One thing's certain: in responding in the aggressive fashion it has to the sweeping antitrust lawsuit brought against it by the Justice Department and 20 state attorneys general, the software maker is giving no ground. "This would certainly be an indication that Microsoft has no intention of being conciliatory," Mike Pettit, executive director of anti-Microsoft group Project to Promote Competition & Innovation, said of the counterclaims.
Microsoft's formal response to the DoJ's sweeping antitrust suit in U.S. District Court in Washington, D.C. -- a typical nuts-and-bolts filing -- disputed all of the government's main claims. But the separate intellectual property counterclaim filed in the same court is being interpreted by legal experts as a tactic designed to signal the DoJ that it won't back down. In the claim, the company charges that federal copyright laws trump the state's antitrust allegations. It further asks the court to find that the states deprived Microsoft of its rights under the copyright act.
Microsoft claims that the states are seeking to illegally alter Windows 95 and 98 by giving computer makers the option to change the software. Under federal law, only the owner of copyrighted material can change it or grant permission to do so. The filing also is an attempt by Microsoft to consolidate the case by trying to get state claims tossed out on the basis that they violate federal laws. The company already has succeeded in getting the state and federal suits combined into one.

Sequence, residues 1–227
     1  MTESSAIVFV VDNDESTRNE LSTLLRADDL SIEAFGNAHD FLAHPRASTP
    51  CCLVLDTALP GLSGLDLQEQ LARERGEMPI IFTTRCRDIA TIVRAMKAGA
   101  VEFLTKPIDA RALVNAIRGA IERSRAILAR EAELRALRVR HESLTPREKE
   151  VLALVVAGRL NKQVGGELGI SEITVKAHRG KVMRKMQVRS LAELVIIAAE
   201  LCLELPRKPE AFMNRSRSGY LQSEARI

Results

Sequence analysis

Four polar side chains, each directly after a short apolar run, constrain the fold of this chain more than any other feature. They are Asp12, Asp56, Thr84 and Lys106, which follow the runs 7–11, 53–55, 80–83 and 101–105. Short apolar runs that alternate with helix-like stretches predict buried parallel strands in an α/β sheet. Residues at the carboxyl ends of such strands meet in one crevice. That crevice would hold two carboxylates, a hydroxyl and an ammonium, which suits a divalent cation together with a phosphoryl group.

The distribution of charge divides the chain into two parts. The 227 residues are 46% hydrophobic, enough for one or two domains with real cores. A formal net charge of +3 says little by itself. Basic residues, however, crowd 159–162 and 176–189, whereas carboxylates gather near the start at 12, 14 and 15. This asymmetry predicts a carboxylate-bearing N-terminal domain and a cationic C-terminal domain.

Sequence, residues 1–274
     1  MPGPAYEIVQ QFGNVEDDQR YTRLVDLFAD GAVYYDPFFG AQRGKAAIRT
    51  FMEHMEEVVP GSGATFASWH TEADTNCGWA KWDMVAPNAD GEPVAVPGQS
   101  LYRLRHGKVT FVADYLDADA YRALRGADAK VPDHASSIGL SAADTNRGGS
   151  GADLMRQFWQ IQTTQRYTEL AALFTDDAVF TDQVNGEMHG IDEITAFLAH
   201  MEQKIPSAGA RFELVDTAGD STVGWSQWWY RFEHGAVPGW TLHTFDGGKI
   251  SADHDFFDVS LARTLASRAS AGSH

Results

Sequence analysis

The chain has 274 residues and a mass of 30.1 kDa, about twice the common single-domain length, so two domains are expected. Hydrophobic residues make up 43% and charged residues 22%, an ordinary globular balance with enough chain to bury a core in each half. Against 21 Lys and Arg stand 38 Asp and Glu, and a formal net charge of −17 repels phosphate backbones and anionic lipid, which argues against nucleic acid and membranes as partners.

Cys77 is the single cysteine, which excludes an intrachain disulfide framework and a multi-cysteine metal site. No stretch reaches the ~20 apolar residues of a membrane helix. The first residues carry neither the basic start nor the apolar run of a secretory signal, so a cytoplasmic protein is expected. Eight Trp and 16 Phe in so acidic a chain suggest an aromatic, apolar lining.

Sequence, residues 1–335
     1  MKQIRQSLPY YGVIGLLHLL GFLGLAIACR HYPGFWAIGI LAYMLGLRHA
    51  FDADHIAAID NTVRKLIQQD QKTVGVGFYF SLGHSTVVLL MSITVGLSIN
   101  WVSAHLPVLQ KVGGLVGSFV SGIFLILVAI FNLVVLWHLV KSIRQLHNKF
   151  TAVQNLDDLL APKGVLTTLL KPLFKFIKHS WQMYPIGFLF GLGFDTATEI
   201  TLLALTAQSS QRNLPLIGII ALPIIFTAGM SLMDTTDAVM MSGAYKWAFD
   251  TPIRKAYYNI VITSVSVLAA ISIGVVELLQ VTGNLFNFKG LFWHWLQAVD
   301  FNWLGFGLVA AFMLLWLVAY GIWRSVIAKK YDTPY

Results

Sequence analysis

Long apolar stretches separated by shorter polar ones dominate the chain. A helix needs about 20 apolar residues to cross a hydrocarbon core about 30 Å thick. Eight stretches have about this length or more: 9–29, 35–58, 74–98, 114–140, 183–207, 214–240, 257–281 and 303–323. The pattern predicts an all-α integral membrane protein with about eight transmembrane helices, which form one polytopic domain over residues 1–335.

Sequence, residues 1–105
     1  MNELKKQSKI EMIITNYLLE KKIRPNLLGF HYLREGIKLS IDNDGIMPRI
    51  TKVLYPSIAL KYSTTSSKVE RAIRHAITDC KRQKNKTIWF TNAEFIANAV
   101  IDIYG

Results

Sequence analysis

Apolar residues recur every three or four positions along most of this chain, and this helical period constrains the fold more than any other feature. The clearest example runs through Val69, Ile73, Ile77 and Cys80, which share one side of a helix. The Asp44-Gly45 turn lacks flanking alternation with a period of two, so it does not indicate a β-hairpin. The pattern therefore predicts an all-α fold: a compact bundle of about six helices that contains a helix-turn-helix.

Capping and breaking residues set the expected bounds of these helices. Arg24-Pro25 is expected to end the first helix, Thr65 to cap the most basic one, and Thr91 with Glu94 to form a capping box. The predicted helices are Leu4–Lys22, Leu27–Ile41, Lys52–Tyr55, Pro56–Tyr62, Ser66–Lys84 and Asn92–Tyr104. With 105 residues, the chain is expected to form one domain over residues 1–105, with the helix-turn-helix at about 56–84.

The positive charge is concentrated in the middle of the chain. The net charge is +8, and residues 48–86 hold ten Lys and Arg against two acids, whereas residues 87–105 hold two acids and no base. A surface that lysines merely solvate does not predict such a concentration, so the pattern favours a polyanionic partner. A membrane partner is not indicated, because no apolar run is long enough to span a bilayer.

It's common for intellectual property issues to be raised during antitrust cases. But it's less common to name government regulators as defendants in such claims and accuse them of depriving a company of its intellectual property rights. "That, to me, is more aggressive. I don't how likely that is to proceed," said David McGowan, an associate professor of law at the University of Minnesota's law school. "It's a very strong assertion by Microsoft that it has intellectual property rights that allow it to do some of the things it's accused of doing."
By filing the counterclaim, Microsoft is putting a twist on a common tactic used by smaller companies that have been sued by larger companies for patent infringement. In those cases, the smaller company - the one being accused of violating the larger company's intellectual property rights - will claim antirust violations, or that the bigger company gained contracts by leveraging its monopoly.
Microsoft, in this case, is doing the reverse, claiming an intellectual property defence in the face of an antitrust suit. Warren Grimes, a professor at the Southwestern University Law School in Los Angeles and a former FTC attorney, expects the trial to provide a showcase for the tension between state and federal laws. It's also likely to demonstrate the conflict between a party exerting intellectual property rights and another party seeking to prove antitrust violation claims.
"The question here is: to what extent does Microsoft have lawful copyrights or patent rights that allow it to do what it's doing, or to what extent is it going beyond those rights?" Grimes said.